There is a difference in approach: the White House is trying to limit itself to deliveries of military aid and diplomacy, while especially zealous lawmakers are demanding the deployment of US missiles and soldiers in Ukraine
At the same time, the public sentiment is very different. According to the latest polls, 73% of respondents believe that politicians in the US should concentrate on domestic problems – record inflation, uncontrolled migration – rather than on international crises. And in the event of an outbreak of conflict in Ukraine, only 15% of Americans surveyed believe that US military forces should be deployed there.
Unfortunately, no polls have been released since 2014 on what Americans think about Ukraine in general. At the time, 84% of those polled could not find it on the map. Curiously, the less the respondents knew about the Ukrainian issue, the more supportive they were of US involvement in the country.
The Biden administration’s position was voiced by former White House adviser Alexander Windman, the mastermind of the 2019 Ukrainegate, which ended with Trump’s first impeachment. He highlighted three scenarios in Ukraine that Washington sees as likely.
The first involves a diplomatic way out of the situation – Moscow’s recognition of the two people’s republics or their incorporation into Russia. The second scenario suggests that Russia would send troops to annex Kharkiv, Mariupol, Odessa and adjacent territories.
The third scenario is a large military operation on the whole territory of Ukraine, which would aim to replace the current regime with some kind of new power. A similar theory was thrown into the press by the British Foreign Office: however, it sounded so absurd that it was hastily discarded, stating that it was based on unverified US intelligence.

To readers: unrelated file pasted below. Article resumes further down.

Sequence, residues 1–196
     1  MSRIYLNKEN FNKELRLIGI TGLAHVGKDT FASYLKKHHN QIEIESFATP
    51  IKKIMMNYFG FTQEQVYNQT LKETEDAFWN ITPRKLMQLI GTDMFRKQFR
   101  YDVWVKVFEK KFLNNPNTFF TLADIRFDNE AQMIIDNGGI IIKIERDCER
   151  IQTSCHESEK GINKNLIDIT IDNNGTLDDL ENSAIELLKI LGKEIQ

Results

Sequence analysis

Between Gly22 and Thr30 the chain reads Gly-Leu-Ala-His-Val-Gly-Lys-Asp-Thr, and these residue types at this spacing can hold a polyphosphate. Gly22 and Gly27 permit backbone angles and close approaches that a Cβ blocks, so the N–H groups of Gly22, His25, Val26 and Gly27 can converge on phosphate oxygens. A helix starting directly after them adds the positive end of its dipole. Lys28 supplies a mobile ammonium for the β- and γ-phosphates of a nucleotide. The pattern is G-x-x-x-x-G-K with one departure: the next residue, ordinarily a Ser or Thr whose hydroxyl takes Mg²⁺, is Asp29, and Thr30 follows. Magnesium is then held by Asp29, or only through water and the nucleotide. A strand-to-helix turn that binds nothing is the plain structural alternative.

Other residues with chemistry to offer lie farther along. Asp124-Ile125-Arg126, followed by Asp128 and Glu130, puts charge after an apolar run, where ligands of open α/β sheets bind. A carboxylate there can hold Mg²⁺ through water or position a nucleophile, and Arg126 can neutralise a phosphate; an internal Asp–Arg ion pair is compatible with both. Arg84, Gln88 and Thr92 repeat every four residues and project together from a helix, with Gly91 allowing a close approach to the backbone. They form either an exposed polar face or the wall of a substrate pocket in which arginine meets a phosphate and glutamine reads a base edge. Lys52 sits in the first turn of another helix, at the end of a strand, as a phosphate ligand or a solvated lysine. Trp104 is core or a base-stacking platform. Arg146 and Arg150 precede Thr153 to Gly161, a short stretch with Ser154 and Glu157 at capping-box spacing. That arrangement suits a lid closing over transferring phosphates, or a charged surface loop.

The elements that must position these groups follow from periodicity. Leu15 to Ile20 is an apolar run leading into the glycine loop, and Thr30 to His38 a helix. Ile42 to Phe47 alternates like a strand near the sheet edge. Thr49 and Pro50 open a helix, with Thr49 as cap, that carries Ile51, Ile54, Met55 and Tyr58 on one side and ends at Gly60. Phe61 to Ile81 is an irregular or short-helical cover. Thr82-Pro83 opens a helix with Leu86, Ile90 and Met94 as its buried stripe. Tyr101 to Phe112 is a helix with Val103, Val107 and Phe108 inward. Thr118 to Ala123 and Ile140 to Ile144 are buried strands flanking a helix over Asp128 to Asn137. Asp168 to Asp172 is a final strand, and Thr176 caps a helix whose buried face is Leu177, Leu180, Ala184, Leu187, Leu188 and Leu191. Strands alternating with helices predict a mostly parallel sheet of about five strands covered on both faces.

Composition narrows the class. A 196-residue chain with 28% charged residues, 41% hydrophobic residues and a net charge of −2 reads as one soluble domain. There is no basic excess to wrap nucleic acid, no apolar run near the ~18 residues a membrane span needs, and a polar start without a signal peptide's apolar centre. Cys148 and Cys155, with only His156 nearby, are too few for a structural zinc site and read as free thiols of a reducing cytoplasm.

In any case, the White House is advised not to go into a direct confrontation with Russia. Instead, it should concentrate its efforts on humanitarian purposes – e.g. resettlement of Ukrainian refugees using the same visas that have been issued to Afghans. And strengthen the military capabilities of Poland and the Baltics. It is clear from between the lines that U.S. involvement in the conflict would be badly received by the electorate, hurting Biden’s declining approval ratings and damaging the Democrats in the congressional elections – so it must be avoided.
Malek DudakovWill Ukraine benefit from arms supplies from the US and the Baltics